Treat Yo Self
When the Rewards Aren’t So Apparent
by Trent Latta
Irecently spent a year prepar- ing a complicated securities case for arbitration. During the tense weeks before the hearing, I
burned through late family-less nights in
preparation — the hearing brief was polished; motions to exclude evidence were
ready; the exhibits were ordered; and
nearly a dozen witnesses were prepped.
But then, the Friday afternoon before opening statements, everything
changed: the case settled. Poof. Fzzzz.
The anticipation I felt toward seeing
my hard work come to fruition was replaced with a smelly lump of disappointment as my written work would be seen
not through the watery eyes of a profoundly moved judge, but making its way
through the oiled teeth of a paper shredder. My effort felt like it was for nothing.
Settlement or other informal compromise is often the best result for a client.
And for that reason, most litigation never
reaches full-scale trial mode. Few lawyers
will ever emerge triumphantly from the
courtroom, verdict in hand, to celebrate
an unequivocal victory with a grateful
client. And many verdicts split the baby.
This is not bad for our clients, and
frankly, it is likely best in most cases: trial
is a relatively costly and inefficient means
of dispute resolution (take the time and
money spent on my unused work product,
for example). But for attorneys who spend
their lives choreographing trial dances,
this type of regular disappointment is not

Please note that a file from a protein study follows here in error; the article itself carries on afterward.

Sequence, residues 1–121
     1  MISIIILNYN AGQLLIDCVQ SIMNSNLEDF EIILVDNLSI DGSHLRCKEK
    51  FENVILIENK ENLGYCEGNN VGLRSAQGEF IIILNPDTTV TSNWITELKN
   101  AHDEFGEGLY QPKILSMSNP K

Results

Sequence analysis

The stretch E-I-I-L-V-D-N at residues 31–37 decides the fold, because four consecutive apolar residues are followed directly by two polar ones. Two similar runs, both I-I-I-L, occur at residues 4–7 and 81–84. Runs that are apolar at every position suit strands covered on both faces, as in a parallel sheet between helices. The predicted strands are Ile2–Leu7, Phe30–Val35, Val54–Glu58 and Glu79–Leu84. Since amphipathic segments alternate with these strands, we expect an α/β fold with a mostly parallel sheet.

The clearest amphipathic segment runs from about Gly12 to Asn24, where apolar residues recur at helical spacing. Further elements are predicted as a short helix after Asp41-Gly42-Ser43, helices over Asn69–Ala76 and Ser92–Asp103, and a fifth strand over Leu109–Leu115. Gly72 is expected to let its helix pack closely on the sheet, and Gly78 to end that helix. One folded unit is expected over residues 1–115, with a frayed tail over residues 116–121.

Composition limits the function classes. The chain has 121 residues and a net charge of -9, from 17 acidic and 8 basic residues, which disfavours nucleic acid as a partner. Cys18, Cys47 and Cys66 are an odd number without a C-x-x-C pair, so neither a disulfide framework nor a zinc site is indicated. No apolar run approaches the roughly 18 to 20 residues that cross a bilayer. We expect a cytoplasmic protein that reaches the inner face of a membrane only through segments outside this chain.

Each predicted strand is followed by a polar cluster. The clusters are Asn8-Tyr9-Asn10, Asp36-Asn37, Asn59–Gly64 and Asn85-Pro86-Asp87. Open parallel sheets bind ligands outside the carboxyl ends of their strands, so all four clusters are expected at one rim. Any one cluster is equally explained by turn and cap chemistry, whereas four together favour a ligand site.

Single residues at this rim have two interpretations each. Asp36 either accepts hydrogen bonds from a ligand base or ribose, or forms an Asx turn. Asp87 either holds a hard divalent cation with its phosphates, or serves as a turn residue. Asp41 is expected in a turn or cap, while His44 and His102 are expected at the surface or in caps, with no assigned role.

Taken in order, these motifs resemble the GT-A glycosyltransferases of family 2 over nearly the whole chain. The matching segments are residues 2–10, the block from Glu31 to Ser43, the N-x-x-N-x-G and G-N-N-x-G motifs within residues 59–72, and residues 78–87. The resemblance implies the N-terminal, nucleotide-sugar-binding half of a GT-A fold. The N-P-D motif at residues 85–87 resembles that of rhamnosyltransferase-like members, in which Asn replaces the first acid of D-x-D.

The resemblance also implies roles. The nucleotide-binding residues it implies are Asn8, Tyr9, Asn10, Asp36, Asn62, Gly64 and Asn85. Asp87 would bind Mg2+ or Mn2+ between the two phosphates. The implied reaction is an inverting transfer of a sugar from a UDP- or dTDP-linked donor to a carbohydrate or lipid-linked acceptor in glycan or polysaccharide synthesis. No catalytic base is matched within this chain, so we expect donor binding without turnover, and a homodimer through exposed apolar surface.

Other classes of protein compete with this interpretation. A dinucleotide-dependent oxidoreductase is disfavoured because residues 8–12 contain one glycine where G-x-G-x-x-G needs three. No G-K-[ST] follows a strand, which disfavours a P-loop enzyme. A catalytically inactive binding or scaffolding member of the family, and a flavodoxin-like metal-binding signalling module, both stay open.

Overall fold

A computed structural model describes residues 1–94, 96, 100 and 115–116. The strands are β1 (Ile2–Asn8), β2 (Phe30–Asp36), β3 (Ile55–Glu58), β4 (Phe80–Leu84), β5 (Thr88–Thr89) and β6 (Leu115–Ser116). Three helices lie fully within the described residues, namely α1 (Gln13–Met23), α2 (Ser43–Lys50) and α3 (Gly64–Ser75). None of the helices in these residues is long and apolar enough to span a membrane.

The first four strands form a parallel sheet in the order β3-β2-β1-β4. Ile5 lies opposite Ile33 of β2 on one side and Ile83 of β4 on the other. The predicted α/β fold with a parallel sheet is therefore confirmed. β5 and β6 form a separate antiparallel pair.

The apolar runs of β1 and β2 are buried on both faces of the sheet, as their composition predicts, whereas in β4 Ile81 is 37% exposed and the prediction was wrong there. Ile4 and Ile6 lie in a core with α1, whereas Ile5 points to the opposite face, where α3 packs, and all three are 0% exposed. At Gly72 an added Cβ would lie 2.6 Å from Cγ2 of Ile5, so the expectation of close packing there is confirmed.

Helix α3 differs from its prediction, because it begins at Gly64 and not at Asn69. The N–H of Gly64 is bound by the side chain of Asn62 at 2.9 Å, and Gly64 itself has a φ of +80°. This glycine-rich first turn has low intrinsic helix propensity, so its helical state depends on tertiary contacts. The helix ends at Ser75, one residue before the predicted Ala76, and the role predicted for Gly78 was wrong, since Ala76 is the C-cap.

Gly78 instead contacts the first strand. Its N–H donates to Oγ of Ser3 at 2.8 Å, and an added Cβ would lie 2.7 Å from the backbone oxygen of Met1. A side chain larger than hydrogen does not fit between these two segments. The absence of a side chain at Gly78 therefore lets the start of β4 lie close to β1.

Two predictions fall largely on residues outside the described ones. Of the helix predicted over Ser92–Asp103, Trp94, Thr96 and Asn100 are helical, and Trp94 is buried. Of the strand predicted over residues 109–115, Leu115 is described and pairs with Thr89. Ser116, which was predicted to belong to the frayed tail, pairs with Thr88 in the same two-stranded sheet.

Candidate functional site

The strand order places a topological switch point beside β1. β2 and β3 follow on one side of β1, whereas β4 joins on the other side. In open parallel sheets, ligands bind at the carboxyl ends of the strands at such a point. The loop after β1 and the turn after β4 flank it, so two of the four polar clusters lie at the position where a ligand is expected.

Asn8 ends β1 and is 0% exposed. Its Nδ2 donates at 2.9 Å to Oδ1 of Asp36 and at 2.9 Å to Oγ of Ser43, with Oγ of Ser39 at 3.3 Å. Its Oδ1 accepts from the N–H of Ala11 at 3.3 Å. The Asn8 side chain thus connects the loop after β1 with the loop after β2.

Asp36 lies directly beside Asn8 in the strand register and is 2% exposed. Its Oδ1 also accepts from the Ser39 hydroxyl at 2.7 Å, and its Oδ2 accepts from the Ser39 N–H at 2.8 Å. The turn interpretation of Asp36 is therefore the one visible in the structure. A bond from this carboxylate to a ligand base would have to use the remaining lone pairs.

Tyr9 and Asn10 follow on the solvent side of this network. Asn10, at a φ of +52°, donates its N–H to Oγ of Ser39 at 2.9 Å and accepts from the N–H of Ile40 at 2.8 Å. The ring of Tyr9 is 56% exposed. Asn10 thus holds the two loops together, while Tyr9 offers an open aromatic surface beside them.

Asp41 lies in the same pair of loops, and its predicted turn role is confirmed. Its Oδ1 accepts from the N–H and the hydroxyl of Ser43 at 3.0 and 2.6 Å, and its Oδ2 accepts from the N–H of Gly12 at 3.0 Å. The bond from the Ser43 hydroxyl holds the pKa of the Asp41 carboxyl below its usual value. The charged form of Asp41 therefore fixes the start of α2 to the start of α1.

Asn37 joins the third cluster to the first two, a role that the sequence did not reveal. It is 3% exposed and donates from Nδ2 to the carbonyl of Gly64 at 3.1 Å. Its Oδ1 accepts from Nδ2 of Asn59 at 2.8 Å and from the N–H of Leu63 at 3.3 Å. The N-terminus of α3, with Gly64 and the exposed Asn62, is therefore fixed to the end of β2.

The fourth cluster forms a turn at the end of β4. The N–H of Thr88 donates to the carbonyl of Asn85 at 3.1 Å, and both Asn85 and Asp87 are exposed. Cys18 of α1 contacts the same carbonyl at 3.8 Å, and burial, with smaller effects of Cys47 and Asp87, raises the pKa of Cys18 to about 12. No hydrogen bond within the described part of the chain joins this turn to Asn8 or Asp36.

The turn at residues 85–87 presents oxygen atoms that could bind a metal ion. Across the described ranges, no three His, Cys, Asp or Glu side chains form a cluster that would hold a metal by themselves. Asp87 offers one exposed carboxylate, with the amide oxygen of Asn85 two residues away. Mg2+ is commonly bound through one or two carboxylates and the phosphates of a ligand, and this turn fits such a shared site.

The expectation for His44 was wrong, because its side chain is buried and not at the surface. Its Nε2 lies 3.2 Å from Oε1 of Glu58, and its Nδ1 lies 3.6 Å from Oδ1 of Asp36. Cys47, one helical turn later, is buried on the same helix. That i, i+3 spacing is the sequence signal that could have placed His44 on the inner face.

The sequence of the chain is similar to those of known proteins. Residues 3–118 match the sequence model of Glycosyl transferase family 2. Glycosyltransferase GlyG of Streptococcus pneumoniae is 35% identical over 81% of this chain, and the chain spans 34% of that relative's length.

healthy for their quality of life.
So how do we as attorneys find a way
to celebrate the smaller, less movie-
worthy successes in our (hopefully) long
and (probably largely) monotonous legal
careers? The answer is not found in a law
journal or practice guide, but somewhere
less expected. The answer, as blithely put
by the characters Tom Haverford and
Donna Meagle from NBC’s sitcom Parks
and Recreation, is: “Treat. Yo. Self.”
One day a year, the comedic duo lav-
ish themselves with rewards. During the
20 NWLawyer | JUNE 2013 20 NWLawyer | JUNE 2013
relevant episode (the particular scene
from which is readily available on You-
Tube) the pair explains their ritual with
fluent seesaw exchange:
TOM: Once a year, Donna and
I spend a day treating
ourselves. What do we
treat ourselves to?
None of these items are necessary.
Tom, for example, doesn’t need the velvet
slippers, cashmere socks, velvet pants,
cashmere sweater outfit he models in a
high-end fashion store (Tom: “I’m a cash-
mere velvet candy cane”), but Donna in-
sists that he buy it simply as a gratuitous
reward.“Treat yo self!”
Dan Crystal, a mental health coun-
selor, approves of Tom and Donna’s
tradition. Crystal provides individual
consultation to attorneys as part of the
WSBA’s Lawyers Assistance Program.
He explains that, according to research,
“peak performers” are not defined by
large, lofty goals that are easily reached.
Rather, professionals who do well in their
work “have small goals which they are
constantly rewarding themselves for
completing.” These professionals “have
the consistent sense of fulfillment for
their efforts.” So, Crystal urges that attor-
neys schedule personal “reward time” as
part of their regular work life.
is an attorney
& Cohen, PS,
in Seattle. He
can be reached
com or 206-